Ohio’s political future is taking shape
If you care about the future of the Buckeye State, pay close attention to what happens in Martins Ferry on Tuesday.
That is when some of the people who hope to become Ohio’s 70th governor will hold the inaugural debate of the campaign. The Ohio Democratic Party is hosting the event, slated for 7 p.m. at Martins Ferry High School.
If you don’t already have tickets to the debate, you can no longer obtain them. According to state party Chairman David Pepper, all available tickets have been spoken for, but that doesn’t mean that you can’t hear what the candidates have to say. The ODP will be live-streaming the debate, and questions will be taken from those following the party’s feed on Facebook and Twitter.
Why do I think this event is so important?
Aside from the fact that several statewide candidates are choosing to launch their campaigns in the Purple City and the indication that our region may have increasing influence in future elections, this is our first chance to meet the Democrats who want to be Ohio’s next chief executive. That is a big deal. One of these individuals could impact state laws and policies — and our lives — for many years to come.
The four Democrat candidates running for governor are state Sen. Joe Schiavoni of Boardman, who has a reputation for working closely with former state senator Lou Gentile of Steubenville; Dayton Mayor Nan Whaley; former state representative Connie Pillich of Montgomery; and former congresswoman Betty Sutton of Barberton.
The Republican candidates — Attorney General Mike DeWine, Secretary of State Jon Husted, U.S. Rep. Jim Renacci of Wadsworth and Lt. Gov. Mary Taylor –will gather for the first time in a public setting on Oct. 8 at a megachurch near Columbus. That is a very different venue, and it will be harder for local residents to attend, but it is still an important event that could tell us just as much about the future leadership of our state. Tickets for that forum remain available online through Eventbrite under the heading “Together for Ohio.”
The election to replace Republican Gov. John Kasich, who is term limited, is still more than a year away. But the decision Ohioans make in November 2018 will be an important one, and we in the local area have a critical role to play in that choice.
I urge you to follow the debate Tuesday and to learn more about each of the candidates and their platforms every chance you get.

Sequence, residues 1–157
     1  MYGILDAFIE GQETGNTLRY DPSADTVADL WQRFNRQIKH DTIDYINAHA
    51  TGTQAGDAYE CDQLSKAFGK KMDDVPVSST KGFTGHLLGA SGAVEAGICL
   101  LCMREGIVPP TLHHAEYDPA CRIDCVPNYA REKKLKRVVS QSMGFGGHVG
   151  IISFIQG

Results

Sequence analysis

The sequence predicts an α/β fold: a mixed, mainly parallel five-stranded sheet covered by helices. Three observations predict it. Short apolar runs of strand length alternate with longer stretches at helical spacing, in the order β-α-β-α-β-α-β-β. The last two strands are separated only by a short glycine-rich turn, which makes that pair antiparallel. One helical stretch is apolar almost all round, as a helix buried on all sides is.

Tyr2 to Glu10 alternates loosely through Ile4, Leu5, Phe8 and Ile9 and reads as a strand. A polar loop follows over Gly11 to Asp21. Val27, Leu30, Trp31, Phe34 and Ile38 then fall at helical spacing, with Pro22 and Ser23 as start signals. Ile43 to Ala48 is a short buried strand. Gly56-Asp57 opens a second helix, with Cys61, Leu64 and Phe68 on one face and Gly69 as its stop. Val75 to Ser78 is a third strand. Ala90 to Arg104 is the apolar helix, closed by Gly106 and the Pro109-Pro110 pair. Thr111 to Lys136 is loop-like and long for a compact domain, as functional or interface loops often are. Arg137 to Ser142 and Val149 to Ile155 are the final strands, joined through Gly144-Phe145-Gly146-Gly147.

What’s more, we need to set aside the exhaustion many of us felt following last year’s presidential election and make sure we continue to participate in the democratic process. While there is no presidential or gubernatorial race on the next ballot, an election will be held on Nov. 7. Be sure you register to vote if you have not already done so, then learn about the issues and candidates that are in the running and get to the polls to cast your vote.
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On an entirely different note, “Black Friday” arrived last Sunday for fans of the jazz rock band Steely Dan. Walter Becker, who founded the group with partner Donald Fagen in 1972, died on Sept. 3.
Few details about Becker’s death have been released, but the 67-year-old guitarist and songwriter had been ill this summer, unable to perform with “the Dan” at the Classic West and Classic East shows in Los Angeles and New York.
For me, his passing marked an alarming point in the lives of musicians I grew up listening to. Although Michael Jackson and Prince were the pop icons of most people my age, their deaths did not come as much of a shock to me, given their excentric lifestyles. Although Becker was much older, the music of Steely Dan that I began hearing before I even started elementary school seemed much more timeless to me.
“Can’t Buy a Thrill” was the first record album I owned. If I recall correctly, my brother, Larry, brought it home from college in Boston. He may not have intended to give it to me, but I claimed it when he left it behind.
Since then, I have listened to and owned many Steely Dan albums, both on vinyl and CD. Tunes like “Rikki Don’t Lose That Number,” “Reelin’ in the Years” and “Two Against Nature” have formed much of the audio backdrop of my life. From their catchy riffs to their edgy lyrics, I have enjoyed them all.
As I have written before, music can play many important roles in our lives. With Mr. Becker’s passing, I remind you to enjoy your favorite musicians while you can. You never know what might happen.